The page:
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I have about 2 million records which have about 4 string fields each which needs to be checked for duplicates. To be more specific I have name, phone, address and fathername as fields and I must check for dedupe using all these fields with rest of data. The resulting unique records need to be noted into db.

I have been able to implement mapreduce, iterarate of all records. Task rate is set to 100/s and bucket-size to 100. Billing enabled.

Currently, everything is working, but performance is very very slow. I have been able to complete only 1000 records dedupe processing among a test dataset of 10,000 records in 6 hours.

The current design in java is:

  1. In every map iteration, I compare the current record with the previous record
  2. Previous record is a single record in db which acts like a global variable which I overwrite with another previous record in each map iteration
  3. Comparison is done using an algorithm and result is written as a new entity to db
  4. At the end of one Mapreduce job, i programatically create another job
  5. The previous record variable helps the job to compare with next candidate record with rest of the data

I am ready to increase any amount of GAE resources to achieve this in shortest time.

My Questions are:

  1. Will the accuracy of dedupe (checking for duplicates) affect due to parallel jobs/tasks?
  2. How can this design be improved?
  3. Will this scale to 20 million records
  4. Whats the fastest way to read/write variables (not just counters) during map iteration which can be used across one mapreduce job.

Freelancers most welcome to assist in this.

Thanks for your help.

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More info: To dedupe 100 records, I must loop 100x100 times to be able to compare all records with rest of the records. So I am running 100x100 mapreduce jobs one after another programatically triggered at the end of each job. –  charming30 Jul 21 '11 at 2:54
Do you really need GAE/mapreduce for this? It would not be hard to do this in memory very quickly in, e.g., Java. @jiggy's suggestion of using a HashSet approach would work fine. –  jkraybill Jul 21 '11 at 3:28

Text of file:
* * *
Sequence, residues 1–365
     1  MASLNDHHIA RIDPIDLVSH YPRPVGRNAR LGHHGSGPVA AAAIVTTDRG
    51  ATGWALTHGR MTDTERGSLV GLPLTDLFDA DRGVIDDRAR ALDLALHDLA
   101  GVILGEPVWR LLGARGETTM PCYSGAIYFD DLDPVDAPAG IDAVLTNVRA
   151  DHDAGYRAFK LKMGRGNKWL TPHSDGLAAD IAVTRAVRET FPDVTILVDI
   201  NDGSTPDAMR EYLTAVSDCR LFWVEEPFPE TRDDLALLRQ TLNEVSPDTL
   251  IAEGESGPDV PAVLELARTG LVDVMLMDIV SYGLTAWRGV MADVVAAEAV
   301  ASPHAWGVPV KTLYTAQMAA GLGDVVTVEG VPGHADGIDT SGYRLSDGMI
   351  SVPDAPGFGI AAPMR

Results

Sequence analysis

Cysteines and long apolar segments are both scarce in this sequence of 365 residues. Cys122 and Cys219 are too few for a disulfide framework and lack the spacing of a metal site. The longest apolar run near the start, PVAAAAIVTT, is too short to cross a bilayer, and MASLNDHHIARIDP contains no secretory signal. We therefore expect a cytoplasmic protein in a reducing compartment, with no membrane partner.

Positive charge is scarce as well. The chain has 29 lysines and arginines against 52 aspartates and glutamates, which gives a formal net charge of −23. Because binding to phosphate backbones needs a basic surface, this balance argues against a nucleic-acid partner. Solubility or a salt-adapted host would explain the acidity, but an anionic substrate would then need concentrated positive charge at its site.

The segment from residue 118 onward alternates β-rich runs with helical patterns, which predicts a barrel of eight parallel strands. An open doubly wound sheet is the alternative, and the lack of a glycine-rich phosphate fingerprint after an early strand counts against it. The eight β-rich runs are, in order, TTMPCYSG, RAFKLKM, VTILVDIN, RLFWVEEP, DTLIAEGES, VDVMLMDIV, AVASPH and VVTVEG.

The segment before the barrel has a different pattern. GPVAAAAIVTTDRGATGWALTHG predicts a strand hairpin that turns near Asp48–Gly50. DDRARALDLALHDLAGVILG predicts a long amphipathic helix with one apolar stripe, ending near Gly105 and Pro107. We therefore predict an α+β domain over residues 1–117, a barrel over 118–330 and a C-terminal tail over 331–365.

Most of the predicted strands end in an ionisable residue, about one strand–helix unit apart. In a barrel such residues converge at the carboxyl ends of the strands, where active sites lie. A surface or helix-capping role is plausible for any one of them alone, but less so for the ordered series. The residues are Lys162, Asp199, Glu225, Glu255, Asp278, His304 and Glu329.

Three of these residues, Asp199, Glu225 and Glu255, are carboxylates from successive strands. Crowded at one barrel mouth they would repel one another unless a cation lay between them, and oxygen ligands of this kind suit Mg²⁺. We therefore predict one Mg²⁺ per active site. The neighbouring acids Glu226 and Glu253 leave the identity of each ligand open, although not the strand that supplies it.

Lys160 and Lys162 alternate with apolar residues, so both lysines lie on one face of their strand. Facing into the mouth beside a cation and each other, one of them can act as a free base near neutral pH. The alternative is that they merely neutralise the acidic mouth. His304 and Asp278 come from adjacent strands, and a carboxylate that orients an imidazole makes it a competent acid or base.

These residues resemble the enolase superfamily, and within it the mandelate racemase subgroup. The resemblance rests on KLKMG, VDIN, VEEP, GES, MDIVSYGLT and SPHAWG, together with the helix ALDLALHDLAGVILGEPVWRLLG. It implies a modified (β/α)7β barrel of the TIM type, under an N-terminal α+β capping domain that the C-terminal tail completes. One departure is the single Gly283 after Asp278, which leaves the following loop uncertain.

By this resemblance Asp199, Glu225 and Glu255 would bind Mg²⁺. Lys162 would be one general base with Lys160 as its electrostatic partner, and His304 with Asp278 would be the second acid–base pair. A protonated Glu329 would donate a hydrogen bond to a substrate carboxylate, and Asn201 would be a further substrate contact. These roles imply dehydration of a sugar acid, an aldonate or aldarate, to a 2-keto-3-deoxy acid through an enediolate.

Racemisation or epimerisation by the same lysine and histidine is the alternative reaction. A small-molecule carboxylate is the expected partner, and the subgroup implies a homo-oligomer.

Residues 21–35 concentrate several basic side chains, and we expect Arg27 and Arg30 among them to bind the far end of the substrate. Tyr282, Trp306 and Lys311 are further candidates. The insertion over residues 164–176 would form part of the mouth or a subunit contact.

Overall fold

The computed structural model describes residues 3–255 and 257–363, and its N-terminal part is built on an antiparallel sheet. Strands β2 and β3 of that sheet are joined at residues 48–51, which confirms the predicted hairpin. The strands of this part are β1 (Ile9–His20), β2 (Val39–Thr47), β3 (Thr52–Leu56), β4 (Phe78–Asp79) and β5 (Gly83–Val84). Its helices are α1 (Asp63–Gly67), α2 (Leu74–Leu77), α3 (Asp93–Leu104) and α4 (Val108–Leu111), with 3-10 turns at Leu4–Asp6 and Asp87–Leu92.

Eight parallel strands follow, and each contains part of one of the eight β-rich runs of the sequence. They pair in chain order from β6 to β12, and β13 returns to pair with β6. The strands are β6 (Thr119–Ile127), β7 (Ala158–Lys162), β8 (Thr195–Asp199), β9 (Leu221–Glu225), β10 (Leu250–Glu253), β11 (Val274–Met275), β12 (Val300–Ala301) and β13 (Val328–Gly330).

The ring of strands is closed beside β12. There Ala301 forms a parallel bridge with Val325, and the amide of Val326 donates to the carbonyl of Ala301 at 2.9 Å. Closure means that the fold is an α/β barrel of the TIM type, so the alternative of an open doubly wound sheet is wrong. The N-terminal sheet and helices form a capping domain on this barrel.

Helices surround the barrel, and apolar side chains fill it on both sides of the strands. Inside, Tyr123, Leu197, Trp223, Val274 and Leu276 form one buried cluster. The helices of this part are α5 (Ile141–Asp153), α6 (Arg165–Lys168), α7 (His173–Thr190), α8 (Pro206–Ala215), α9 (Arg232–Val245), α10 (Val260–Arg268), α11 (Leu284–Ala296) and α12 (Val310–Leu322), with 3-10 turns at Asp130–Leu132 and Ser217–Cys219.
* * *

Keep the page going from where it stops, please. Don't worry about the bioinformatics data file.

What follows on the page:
@jkraybill: You are right, we have a java client which does this, we want to speed this using distributed computing. Really hoping to build a faster and scalable solution. –  charming30 Jul 21 '11 at 3:53
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4 Answers 4

up vote 2 down vote accepted

I see 2 ways to approach this problem:

  1. (If you only need to do it once) AppEngine creates a property index for every property in your entity (unless you ask it not to do that). Create a backend, run a query "SELECT * FROM ORDER BY " in batches using cursors, determine duplicated properties and fix/delete those. You might be able to parallelize this, but it's tricky on shard boundaries and you will probably have to write all the code yourself.

  2. You can use mapper framework to do it slower, but run in parallel. This approach also allows you to efficiently dedupe data on insert. Introduce a new entity to hold unique property values. Say "UniquePhoneNumber". The entity should hold a phone number as a key and a reference to the entity with this phone number. Now run a map and do a lookup for UniquePhoneNumber. If it's found and its reference is valid, delete the duplicate. If not create a new one with correct reference. This way it's even possible to repoint a reference to the other one, if you need to. Make sure that you read UniquePhoneNumber and create a new one/update a new one inside a single transaction. Otherwise duplicates won't be detected.

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Thanks. I completely agree with you. I originally started with tasks and later moved to mapper framework. I have redesigned the above solution to make it faster. I now run a mapper which creates n mappers, each of which will be given a unique record to compare with the rest of the records. I emit values to db as they are found and use callbacks of job to summarize the whole process. I am yet to test it at large scale. Thanks for your useful inputs. –  charming30 Jul 22 '11 at 19:24
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You should take advantage of the Reducer to do the equivalent of a sort -u for each field. You'll need to do one M/R job per field. You would make the field you are comparing the key in the mapper, then in the reducer you'd get all of the records with the same name grouped together and you could mark them. The second pass would be for the phone, etc. Depending on your cluster size each pass should be very fast.

Edit: @Olaf pointed out the OP probably wants totally unique records. Using a multipart key this could be a one-line hadoop streaming command to get the unique set. I'll add that soon.

Edit2: Promised streaming command that will perform a sort -u on the entire file. This assumes you have a file with the records with each field (name, fathername, phone number and address) one per line tab delimited in one or more files in the dir hdfs://example/dedup/input/. The actual hdfs path can be anything, or you could use a single file. The output will be multiple part-* files in hdfs://example/dedup/output/. You also might need to change the command as your hadoop-streaming.jar might be in a slightly different place. If you have more than 4 fields change the value of stream.num.map.output.key.fields.

   $HADOOP_HOME/bin/hadoop jar $HADOOP_HOME/hadoop-streaming.jar \
-input hdfs://example/dedup/input/ -output hdfs://example/dedup/output/ \
-mapper org.apache.hadoop.mapred.lib.IdentityMapper \